Oddly enough I don't think I'll be purchasing the 5th edition books. Not to protest a new edition, more because the timing likely won't be right for me. At present I have 2 yr old twin boys, I'm assuming that by the time 5th edition comes out they might be old enough to comprehend game rules and be able to dabble with some tabletop stuff. I figure it would be better to stock up on simpler more kid friendly games that they might be able to enjoy.

01-12-2012, 08:22 PM
The things that drive me batty about 4e were related to some of the combat mechanics. There is just too much emphasis on trying to hit something, forcing you to make design decision on your character that required that your attack roll was significant. I also thought limiting the players to roles was too restricting, though essentials tried to give you options that made the classes into another role. I was also not a fan of the Dragonborn or Teifling (and all the other races that followed). Sure, you could ban those races, but then your limiting your players from what little freedom they are given in character creation in the first place. The final irritation was the length of the combat, which was frustrating given that hardly any powers or skills were geared to helping you role play unless you took skill utilities, and even then, it was just mechanical. The final irritation was the constant updates in the powers through the character builder, making the PH practically obsolete and ultimately you became reliant on the CB. I spent more time building characters than actually playing them. I eventually let my DDI subscription expire.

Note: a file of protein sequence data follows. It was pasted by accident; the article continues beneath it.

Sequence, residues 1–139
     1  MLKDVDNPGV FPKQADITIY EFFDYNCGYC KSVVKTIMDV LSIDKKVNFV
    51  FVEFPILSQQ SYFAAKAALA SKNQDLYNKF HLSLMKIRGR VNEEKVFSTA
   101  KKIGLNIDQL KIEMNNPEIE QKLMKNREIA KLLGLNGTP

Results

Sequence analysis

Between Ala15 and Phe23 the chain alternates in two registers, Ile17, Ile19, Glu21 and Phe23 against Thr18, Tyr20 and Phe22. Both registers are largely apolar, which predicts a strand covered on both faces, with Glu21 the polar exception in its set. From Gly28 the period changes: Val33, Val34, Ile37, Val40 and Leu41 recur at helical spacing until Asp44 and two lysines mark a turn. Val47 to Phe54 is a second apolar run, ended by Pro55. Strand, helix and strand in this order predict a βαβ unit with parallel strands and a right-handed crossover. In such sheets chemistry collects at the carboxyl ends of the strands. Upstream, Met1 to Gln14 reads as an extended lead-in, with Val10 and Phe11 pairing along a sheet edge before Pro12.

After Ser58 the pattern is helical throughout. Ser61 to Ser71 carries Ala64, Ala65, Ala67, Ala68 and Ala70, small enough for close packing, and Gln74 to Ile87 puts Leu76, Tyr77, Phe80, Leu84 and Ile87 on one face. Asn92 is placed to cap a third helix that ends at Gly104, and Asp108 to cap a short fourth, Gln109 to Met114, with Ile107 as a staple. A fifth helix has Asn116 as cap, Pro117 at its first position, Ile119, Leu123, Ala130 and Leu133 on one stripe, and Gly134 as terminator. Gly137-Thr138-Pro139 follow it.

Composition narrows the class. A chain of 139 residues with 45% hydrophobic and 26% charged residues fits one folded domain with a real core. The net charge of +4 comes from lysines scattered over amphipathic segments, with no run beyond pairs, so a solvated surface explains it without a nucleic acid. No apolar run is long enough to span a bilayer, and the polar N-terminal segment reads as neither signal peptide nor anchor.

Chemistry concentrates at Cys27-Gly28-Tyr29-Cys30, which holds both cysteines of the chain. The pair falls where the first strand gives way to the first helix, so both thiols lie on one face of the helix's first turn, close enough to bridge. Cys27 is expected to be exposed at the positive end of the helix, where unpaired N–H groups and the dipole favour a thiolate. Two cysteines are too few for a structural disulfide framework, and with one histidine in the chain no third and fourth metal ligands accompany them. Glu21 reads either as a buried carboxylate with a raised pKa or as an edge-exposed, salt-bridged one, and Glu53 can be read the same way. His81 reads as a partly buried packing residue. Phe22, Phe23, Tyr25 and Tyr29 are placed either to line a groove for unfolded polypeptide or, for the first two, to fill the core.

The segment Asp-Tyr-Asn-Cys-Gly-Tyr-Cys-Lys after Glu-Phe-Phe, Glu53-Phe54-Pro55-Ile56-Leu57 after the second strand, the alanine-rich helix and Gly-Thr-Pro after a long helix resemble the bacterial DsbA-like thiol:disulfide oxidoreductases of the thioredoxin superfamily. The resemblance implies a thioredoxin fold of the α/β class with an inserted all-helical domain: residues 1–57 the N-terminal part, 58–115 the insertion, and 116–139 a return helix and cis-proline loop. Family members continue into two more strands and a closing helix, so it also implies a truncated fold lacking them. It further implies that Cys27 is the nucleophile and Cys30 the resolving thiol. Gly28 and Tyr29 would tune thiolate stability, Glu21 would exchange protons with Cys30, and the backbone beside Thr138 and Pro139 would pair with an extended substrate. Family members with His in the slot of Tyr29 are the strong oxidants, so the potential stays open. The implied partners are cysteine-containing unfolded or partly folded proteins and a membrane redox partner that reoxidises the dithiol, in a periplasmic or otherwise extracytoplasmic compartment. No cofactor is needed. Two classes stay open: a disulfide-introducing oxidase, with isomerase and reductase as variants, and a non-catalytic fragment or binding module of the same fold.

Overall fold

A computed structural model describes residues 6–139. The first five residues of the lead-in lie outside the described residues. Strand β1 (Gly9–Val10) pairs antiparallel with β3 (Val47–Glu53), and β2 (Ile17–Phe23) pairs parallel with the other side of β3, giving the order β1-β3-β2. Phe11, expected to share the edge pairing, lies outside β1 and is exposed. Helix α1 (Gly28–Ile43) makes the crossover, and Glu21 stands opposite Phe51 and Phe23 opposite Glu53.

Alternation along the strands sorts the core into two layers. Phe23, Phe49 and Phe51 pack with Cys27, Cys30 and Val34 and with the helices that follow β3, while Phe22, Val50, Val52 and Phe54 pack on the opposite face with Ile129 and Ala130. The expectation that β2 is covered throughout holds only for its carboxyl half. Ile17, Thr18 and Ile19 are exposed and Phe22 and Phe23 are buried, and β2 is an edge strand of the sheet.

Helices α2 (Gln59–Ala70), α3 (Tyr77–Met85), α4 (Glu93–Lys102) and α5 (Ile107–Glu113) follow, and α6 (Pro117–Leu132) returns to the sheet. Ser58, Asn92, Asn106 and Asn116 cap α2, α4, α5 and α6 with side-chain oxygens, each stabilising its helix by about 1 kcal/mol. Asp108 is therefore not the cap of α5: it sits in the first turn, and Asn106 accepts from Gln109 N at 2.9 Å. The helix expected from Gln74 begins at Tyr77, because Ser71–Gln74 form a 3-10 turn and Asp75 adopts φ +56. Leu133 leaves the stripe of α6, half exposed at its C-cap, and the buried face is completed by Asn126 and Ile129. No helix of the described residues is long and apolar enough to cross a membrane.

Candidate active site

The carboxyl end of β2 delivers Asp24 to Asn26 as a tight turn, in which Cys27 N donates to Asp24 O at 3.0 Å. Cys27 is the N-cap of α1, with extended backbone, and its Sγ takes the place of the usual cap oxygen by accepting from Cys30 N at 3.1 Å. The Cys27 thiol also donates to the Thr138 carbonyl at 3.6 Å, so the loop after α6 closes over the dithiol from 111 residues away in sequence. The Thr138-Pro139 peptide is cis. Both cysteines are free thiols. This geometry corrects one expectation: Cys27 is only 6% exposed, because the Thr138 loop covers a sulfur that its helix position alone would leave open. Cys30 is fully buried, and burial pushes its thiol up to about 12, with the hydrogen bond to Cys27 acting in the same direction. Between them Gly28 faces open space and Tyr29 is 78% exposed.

And I always felt 1e and 2e was restricting as well; limiting races to certain classes and the whole a round is 1 minute and you get to do one action garbage was too abstract for me. Does really take you a whole minute to light a torch, even if you are weaving through the combat? It leaves too much to fill in that you forget that the whole thing is taking that long (and then you have to count segments for spells, Oi!) Not my cup of tea.

I really thought 3.x had a good mechanic on how to make the game work, but I also, missed the short stat blocks I used to get out of 1e and 2e for my enemies (well short, because the saves would have to be referred to by a chart). I liked having the ability to at least try to disarm an opponent or other combat maneuver instead of designating it as a power or some house-rule. I like having skills that work for all classes so I am not trying to figure out why the rogue (or ranger in 2e) is the only one who can hide in the shadows (and not very well at low level apparently) and why the assassin can not until he reaches third level?